Cartilage disease is a significant health issue that affects millions of patients of all ages, yet there are few interventions to prevent or slow the disease. As mechanical wear is an important component of cartilage disease, the primary objective of this project was to investigate the wear characteristics of articular cartilage and factors that may improve the tissue’s wear resistance.
In developing test parameters for cartilage wear, two different cartilage surface geometries were compared: smaller flat specimen and larger curved specimens that made contact in the center but not at the edge. The cartilage wear of the two geometries was compared using three different techniques. A modified wear factor was considered to be the most accurate assessment of cartilage wear, but surface damage measurement with india ink was an effective, inexpensive and quick technique to evaluate potential implant materials. Finite element models showed that flat specimens showed excessive wear at the edges due to a non-physiologic stress concentration, while the larger specimens wore more uniformly across the surface.
To identify mechanical changes due to cartilage treatments, a semi-automated indentation protocol for repeatable material characterization of the tissue was developed. The technique incorporated a small preload to detect the tissue surface, followed by a stress relaxation test at a defined indentation depth. The effect of artificially crosslinking collagen with genipin, a naturally occurring crosslinking agent, on the modulus, coefficient of friction and wear factor of cartilage was quantified. It was found that the concentration and the duration of exposure to genipin could both be varied to alter the cartilage modulus. Artificially crosslinking bovine cartilage in genipin solutions decreased the wear factor in a dose dependent manner. Crosslinking in 2 and 10 mM genipin for 15 minutes increased the stiffness by 16 and 62% and decreased the wear factor by 43 and 71%, respectively.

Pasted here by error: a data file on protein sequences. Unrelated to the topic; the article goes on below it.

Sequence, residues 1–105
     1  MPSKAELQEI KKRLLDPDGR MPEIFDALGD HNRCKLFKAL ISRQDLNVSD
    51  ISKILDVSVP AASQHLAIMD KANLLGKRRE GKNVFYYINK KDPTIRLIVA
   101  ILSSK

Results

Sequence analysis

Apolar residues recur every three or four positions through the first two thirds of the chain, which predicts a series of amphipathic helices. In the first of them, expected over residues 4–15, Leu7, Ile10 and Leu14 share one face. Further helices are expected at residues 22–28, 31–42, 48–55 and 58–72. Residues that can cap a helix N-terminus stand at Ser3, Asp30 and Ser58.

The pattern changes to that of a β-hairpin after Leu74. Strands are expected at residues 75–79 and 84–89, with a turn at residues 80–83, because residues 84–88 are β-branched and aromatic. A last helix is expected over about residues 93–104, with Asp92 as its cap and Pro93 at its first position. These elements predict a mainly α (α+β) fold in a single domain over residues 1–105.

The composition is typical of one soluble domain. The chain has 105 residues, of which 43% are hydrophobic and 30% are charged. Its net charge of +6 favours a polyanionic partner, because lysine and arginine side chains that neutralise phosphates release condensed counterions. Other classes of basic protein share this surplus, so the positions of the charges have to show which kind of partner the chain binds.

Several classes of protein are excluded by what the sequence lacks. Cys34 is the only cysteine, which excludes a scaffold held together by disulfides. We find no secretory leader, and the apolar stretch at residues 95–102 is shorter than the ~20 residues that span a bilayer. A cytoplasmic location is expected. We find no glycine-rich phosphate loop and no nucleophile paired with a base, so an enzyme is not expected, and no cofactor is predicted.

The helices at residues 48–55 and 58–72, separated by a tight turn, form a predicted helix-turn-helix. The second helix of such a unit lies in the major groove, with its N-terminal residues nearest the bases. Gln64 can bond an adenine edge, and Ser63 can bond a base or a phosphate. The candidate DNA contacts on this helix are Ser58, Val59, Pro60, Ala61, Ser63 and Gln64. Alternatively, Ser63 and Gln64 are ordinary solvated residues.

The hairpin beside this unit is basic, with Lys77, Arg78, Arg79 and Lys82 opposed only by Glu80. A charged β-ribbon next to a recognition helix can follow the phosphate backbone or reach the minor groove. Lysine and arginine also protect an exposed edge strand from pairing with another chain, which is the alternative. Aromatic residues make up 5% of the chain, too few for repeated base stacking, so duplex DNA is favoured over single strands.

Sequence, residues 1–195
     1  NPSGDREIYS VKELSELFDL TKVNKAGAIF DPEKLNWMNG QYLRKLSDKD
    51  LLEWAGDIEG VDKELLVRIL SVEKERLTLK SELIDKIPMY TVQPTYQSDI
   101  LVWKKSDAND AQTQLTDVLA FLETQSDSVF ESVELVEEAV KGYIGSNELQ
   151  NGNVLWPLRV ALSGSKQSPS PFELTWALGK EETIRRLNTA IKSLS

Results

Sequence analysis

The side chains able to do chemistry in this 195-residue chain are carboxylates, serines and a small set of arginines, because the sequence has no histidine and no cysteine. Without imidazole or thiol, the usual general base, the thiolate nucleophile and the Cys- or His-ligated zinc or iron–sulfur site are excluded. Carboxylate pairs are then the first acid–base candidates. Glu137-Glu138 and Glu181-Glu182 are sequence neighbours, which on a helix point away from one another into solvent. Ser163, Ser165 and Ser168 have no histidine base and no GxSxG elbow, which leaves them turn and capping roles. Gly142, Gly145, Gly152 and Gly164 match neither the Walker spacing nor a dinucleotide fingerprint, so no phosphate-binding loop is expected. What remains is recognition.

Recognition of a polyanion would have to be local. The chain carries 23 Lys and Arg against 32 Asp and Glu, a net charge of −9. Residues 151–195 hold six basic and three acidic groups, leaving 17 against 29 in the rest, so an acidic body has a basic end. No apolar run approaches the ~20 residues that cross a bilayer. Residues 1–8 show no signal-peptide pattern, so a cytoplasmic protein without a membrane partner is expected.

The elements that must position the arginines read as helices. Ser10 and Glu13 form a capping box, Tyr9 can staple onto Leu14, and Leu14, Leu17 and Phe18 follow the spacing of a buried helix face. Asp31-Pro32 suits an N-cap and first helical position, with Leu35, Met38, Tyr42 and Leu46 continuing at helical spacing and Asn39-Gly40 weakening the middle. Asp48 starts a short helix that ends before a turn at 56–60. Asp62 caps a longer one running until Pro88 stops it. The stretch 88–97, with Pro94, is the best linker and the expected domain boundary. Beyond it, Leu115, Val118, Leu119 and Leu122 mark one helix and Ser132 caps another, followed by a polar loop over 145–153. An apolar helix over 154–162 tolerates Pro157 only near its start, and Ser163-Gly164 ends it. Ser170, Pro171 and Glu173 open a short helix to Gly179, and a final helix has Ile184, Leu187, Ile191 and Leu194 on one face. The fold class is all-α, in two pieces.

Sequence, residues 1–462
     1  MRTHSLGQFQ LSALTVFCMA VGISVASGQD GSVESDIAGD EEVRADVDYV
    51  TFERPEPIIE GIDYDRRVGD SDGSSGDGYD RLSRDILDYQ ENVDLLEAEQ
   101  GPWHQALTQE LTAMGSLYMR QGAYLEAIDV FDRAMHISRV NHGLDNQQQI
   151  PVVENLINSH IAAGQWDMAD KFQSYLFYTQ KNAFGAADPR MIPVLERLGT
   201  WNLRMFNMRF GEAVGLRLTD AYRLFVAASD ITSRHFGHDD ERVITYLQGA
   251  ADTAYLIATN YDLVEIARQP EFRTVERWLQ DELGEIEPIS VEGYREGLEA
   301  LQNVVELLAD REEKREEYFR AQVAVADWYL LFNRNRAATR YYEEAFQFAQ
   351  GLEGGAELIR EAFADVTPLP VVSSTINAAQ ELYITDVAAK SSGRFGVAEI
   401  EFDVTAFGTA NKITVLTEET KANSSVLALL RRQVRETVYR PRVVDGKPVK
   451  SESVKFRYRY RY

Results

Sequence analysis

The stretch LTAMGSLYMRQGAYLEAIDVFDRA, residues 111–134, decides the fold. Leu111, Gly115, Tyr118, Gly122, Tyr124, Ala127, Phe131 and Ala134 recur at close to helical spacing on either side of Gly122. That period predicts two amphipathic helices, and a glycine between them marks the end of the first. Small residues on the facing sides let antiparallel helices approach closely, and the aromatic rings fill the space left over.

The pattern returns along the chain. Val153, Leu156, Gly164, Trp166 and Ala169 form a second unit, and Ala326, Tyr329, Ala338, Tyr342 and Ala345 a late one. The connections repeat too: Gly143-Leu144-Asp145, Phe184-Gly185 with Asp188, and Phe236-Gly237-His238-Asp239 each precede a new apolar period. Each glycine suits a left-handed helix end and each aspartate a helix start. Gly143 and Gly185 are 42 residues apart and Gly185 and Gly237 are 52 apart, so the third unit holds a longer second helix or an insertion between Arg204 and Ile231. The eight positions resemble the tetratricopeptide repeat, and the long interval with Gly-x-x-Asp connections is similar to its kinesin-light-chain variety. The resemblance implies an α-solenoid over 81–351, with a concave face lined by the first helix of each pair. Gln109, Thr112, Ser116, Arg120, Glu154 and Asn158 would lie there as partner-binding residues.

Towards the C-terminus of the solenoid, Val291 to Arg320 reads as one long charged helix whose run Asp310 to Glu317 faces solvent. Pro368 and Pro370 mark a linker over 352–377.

Finally, it was found that a single traumatic impact decreased the elastic modulus of cartilage by 23%. Immunohistochemistry demonstrated that this may be due to damage in the collagen matrix. Crosslinking the impacted cartilage reversed the loss of the modulus and left the tissue 37% stiffer than initially.